- LZ Granderson, Senior Writer, ESPN The Magazine
- 0 Shares
Two free throws.
All LeBron James had to do was make two free throws and the Heat likely leave Chicago with a win on Thursday. And considering the Bulls' starting backcourt combined for 9 points on 4-of-19 shooting, the game shouldn't even have come down to the closing seconds.
But it did.
And when James' first shot ricocheted off the back of the rim, Miami's fading chance of locking up home-court advantage throughout the playoffs ricocheted away, as well.
LeBron played a great game, but again it wasn't enough.
How many more games like this is Pat Riley going to watch before he's had enough?
As it stands, if the Heat win a championship this year, they're going to have to do it the hard way -- on the road.
But if the Heat don't win it all, be sure to take pictures because this incarnation of the team will never be together again.
And it shouldn't.
Two summers ago, when Riley did the impossible -- assemble James, Wade and Bosh -- I'm sure his goal was not to lock up the No. 2 seed in the East.
It wasn't to be defending Eastern Conference champion.
It was to win NBA championships.
Not chip chips.
And with each passing year the team fails to do so, Riley sees the window of opportunity close just a little bit more -- something he knows quite a bit about.
During the early '90s, as the coach of an incredibly talented New York Knicks team, Riley saw chance after chance snatched away by Michael Jordan. That trend continued when he became coach of the Heat in 1995. After stepping down in 2003 to focus on being the Heat's GM, he brought in Shaq for the 2004-05 season (Wade's second year in the league) and saw Miami go up 3-2 in the Eastern Conference finals.
But then the Heat lost the next two games.
Another opportunity gone.
The official reason why Stan Van Gundy stepped down as Miami's coach in December 2005 was to spend more time with his family. But the team was 11-10 at the time and anyone with half a brain could see Riley was not going to sit back and let yet another opportunity to win it all be squandered.
Not again. Not on his watch.
Here Riley is again, overseeing an immensely talented team, equipped with the wisdom to know that windows don't stay open forever.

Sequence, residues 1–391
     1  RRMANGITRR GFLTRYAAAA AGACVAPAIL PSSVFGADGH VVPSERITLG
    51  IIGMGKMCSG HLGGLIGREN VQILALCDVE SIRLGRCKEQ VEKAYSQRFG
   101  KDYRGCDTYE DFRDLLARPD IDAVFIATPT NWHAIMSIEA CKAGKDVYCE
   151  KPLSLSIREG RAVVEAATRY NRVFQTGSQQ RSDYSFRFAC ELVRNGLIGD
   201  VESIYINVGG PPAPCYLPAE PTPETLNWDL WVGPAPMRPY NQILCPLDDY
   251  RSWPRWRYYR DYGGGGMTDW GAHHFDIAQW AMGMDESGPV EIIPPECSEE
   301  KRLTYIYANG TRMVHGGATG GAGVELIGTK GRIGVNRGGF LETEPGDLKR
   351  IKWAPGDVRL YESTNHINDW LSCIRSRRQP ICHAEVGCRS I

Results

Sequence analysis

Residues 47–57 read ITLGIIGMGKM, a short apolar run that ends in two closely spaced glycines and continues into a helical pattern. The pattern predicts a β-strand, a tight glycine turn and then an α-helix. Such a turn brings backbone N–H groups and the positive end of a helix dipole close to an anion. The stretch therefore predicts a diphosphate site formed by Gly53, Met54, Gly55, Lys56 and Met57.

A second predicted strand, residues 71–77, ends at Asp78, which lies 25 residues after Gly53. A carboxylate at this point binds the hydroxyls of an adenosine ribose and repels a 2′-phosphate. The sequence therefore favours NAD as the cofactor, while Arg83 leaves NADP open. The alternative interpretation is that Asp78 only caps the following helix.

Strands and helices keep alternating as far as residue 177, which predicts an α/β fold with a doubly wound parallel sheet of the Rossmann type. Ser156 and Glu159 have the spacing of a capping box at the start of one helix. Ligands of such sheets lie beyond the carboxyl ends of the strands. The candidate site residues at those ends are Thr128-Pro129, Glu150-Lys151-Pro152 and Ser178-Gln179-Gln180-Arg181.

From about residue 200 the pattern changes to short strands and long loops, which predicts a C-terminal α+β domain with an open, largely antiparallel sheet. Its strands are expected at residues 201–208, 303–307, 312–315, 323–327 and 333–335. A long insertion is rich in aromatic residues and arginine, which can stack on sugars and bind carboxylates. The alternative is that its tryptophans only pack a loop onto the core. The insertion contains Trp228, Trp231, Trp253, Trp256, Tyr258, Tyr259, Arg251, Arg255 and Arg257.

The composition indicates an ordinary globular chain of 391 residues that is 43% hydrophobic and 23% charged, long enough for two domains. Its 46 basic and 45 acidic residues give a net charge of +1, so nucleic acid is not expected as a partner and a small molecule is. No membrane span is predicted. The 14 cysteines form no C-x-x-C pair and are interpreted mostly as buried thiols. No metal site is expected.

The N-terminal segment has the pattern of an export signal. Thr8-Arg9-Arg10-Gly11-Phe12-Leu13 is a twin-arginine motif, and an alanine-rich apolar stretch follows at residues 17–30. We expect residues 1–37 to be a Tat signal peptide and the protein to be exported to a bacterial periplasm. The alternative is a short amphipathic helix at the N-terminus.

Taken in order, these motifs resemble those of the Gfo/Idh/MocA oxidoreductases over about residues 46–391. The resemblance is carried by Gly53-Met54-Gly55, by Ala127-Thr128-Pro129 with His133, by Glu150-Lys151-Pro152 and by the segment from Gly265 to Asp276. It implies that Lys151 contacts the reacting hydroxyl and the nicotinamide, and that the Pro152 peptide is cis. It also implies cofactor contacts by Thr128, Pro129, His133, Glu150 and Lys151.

When he brought in Shaq, he understood that. When Detroit Pistons president Joe Dumars brought in Rasheed Wallace, Dumars understood that. When Boston's Danny Ainge brought in Kevin Garnett and Ray Allen, Ainge too understood that. These men have all lost and won on the game's biggest stage and know how quickly opposing teams react and improve, how stars' ability to dominate can fade.
In the summer of 2010, the sky was the limit for this Miami team. Today Wade is 30, LeBron is damn near bald, and Kevin Durant and Derrick Rose are approaching their respective primes in rival cities. The time to win is now. And with each missed game-clinching free throw or fourth-quarter collapse, the ceiling lowers. The players may not know it, but Riley sure does.
This is why coach Erik Spoelstra should be looking over his shoulder.
On second thought, considering the way Garnett and Taj Gibson have shaken Bosh's confidence, he should be worried about being traded even if the Heat win in June.
The Big Three have already been rebranded the Big Two, and since Bosh has grabbed 10 or more rebounds only once since late February, "Bosh as Miami's power forward" is on the verge of replacing "John Wayne as Genghis Kahn" as the worst casting decision of the past 60 years.
Nearly two years ago, everyone could see the new Heat were vulnerable in the middle. But with each loss, the flaw becomes more and more glaring. It may not be fair to put the grunge work all on Bosh, but hey, nobody made him get on that parade float. He asked for this level of scrutiny, and if Miami falls short again, he's likely the one Riley is going to use as bait to snag the post presence his team desperately needs. Maybe Riley will give Utah a call to try to pry away 2013 unrestricted free agent Al Jefferson or Paul Millsap. Maybe he will call New Jersey to check on Brook Lopez. Dare I suggest, he may call Orlando about Dwight Howard.
All of this, of course, after Riley fires his protégé, Spoelstra.
He might as well give Phil Jackson something else to think about besides New York.
At worst, Miami ends up with Nate McMillan, a coach with a proven record of getting a lot out of a little, or Mike D'Antoni, who would not only maximize the team's offense, but whose presence might entice free-agent-to-be Steve Nash to sign for pennies on the dollar.
Any moves would reflect nothing against Spoelstra or Bosh as people, but when assembling an All-Star lineup doesn't work, a team has to become something different.
Riley has been around too long, has seen and experienced too much to sit still and let this incarnation of the Miami Heat underachieve in 2013. He's going to make significant changes if they don't win a title. He's going to make changes even if they do win it all. So come June, when champagne is being poured, if it's not flowing into Riley's glass, Spoelstra and Bosh should have Two Men and a Truck on speed dial.